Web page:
For conservatives, vigilantism is the only logical response to living with different kinds of people
I suppose you’ve already heard about the guy who was strangled to death by a “good Samaritan” on the F train the other day. Times update:
The man who died, Jordan Neely, was homeless and had been screaming at passengers when the other rider wrapped his arms around Mr. Neely’s neck and head and held him for several minutes until he went limp. Mr. Neely died from compression to his neck as a result of the chokehold, according to Julie Bolcer, a spokeswoman for the medical examiner.
The examiner has ruled this a homicide. We’ll see what Mayor Showboat and his flunkies do about it. Given the statement Adams made (“There’s a lot we don’t know about what happened here… However, we do know that there were serious mental health issues in play here…”) and that the killer was released without charges, I expect nothing good.
You’ve probably already seen New Yorkers past and present talking about what an absurd overreaction this was, and perhaps you’ve also seen the sick rah-rah from suburban gomers juiced about the killing — like this guy who asked (probably from an Eastern European troll farm) “Have you ever been threatened or attacked on a nyc subway?” and then delivered this:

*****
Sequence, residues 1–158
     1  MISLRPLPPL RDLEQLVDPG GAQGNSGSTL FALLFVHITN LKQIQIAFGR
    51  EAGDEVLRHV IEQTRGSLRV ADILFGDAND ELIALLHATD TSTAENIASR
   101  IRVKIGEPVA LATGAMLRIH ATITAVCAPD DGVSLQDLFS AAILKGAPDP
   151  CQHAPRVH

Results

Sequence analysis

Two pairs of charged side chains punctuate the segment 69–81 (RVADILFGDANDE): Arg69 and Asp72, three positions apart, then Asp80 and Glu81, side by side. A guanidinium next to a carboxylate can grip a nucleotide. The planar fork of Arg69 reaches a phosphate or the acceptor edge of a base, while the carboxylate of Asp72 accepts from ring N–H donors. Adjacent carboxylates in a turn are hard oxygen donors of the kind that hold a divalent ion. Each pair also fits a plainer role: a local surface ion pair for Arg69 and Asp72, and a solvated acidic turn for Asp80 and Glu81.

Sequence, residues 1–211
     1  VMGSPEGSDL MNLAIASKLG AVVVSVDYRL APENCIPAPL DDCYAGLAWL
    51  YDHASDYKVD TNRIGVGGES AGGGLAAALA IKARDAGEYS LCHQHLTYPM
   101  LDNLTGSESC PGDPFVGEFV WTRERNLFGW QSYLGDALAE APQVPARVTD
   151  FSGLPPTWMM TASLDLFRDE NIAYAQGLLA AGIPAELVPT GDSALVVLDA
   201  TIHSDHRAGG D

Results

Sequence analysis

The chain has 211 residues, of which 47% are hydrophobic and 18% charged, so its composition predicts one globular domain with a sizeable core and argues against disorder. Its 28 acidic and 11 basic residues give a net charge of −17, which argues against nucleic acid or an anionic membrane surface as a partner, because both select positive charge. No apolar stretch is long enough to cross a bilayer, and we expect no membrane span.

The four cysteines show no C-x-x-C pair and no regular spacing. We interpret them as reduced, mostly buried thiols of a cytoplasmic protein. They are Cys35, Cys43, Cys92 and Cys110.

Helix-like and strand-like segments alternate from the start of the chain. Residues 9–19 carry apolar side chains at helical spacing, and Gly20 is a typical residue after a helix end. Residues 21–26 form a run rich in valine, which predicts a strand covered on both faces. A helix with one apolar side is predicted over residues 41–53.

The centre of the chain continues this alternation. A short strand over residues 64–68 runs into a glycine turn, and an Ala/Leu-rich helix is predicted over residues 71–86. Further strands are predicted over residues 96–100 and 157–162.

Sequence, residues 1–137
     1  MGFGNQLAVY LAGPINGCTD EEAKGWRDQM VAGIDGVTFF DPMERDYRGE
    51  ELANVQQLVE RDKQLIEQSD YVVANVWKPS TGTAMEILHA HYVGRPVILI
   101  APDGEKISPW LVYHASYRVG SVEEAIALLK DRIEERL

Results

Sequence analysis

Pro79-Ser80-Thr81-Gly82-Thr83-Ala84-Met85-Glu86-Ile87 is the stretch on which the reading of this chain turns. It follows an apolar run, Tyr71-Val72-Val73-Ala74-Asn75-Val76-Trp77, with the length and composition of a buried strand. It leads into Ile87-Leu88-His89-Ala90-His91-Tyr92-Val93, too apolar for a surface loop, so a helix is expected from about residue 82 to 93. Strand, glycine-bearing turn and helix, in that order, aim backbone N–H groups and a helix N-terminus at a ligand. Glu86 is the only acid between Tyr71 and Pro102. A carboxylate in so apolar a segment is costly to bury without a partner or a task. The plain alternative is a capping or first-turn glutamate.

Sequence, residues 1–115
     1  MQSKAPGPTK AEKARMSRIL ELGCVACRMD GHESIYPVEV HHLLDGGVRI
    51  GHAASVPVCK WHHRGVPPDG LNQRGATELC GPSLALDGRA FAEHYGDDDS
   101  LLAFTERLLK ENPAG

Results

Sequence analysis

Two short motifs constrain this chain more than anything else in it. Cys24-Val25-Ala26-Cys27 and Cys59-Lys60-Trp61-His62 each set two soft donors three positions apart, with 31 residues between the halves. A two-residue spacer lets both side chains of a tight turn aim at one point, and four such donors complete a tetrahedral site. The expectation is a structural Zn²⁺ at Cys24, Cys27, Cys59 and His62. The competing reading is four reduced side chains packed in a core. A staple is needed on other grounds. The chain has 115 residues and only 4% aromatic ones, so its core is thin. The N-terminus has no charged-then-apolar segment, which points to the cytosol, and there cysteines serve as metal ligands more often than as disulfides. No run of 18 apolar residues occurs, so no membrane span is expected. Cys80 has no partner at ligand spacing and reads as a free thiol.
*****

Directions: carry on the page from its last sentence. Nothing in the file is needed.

Looked at you, eh?
I assume he’s just a disnfo troll. But who knows, maybe he was on a subway once, and maybe someone looked at him with something less than the admiration he thought was his due, and his brain started going bloop, bloop, bloop…
When you’ve been living in cities awhile — especially cities that rightwing shit-stirrers like to use as scapegoats — you’re more apt to notice and resent this kind of attitude, because you recognize it from countless encounters with outlanders. Sometimes it’s innocent and meant to be flattering: The “I could never live like that” thing. Yeah, maybe in some cases there’s a tinge of condescension, or genuine confusion as to how anyone could prefer museums to malls and density to wide open spaces, but that’s cool — as the old song goes, you’ve got your good things and I’ve got mine.
But more often, and I’d say increasingly — as conservatives, desperate to ignite any hatred that might inflame their base, rage at cities and at the homeless people who wind up there because they have nowhere else to go — that attitude has curdled into something worse.